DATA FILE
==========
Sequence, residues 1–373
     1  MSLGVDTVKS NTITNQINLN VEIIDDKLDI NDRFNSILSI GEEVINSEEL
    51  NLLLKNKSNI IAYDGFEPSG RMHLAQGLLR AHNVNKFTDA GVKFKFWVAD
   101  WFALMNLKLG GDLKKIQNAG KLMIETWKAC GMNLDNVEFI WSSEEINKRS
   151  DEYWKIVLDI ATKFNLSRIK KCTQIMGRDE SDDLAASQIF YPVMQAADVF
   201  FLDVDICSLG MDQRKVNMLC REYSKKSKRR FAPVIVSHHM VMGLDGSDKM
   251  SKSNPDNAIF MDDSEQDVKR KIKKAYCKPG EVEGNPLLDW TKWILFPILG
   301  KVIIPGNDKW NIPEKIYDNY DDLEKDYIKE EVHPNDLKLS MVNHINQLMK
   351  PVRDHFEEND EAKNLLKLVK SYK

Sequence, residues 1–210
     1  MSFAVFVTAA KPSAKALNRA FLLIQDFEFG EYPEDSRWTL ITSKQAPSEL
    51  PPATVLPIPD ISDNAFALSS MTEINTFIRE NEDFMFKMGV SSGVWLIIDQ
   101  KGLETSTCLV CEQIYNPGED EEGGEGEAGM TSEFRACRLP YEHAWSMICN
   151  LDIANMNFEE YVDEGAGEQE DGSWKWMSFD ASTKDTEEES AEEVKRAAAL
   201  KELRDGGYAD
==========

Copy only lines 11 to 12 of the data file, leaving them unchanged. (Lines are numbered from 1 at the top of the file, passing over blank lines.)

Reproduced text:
     1  MSFAVFVTAA KPSAKALNRA FLLIQDFEFG EYPEDSRWTL ITSKQAPSEL
    51  PPATVLPIPD ISDNAFALSS MTEINTFIRE NEDFMFKMGV SSGVWLIIDQ